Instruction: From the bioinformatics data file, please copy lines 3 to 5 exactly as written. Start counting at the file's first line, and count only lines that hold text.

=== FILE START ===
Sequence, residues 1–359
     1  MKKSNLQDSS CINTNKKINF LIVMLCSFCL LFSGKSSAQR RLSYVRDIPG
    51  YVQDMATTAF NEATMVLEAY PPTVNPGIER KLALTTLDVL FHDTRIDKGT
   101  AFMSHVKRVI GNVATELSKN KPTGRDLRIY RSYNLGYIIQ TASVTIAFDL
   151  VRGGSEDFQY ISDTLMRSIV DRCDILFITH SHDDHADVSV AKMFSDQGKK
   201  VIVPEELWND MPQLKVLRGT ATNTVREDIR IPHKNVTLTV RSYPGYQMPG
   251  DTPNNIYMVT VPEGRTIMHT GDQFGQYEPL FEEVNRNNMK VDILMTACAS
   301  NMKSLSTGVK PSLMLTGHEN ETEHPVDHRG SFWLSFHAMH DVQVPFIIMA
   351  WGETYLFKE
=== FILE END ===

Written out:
    51  YVQDMATTAF NEATMVLEAY PPTVNPGIER KLALTTLDVL FHDTRIDKGT
   101  AFMSHVKRVI GNVATELSKN KPTGRDLRIY RSYNLGYIIQ TASVTIAFDL
   151  VRGGSEDFQY ISDTLMRSIV DRCDILFITH SHDDHADVSV AKMFSDQGKK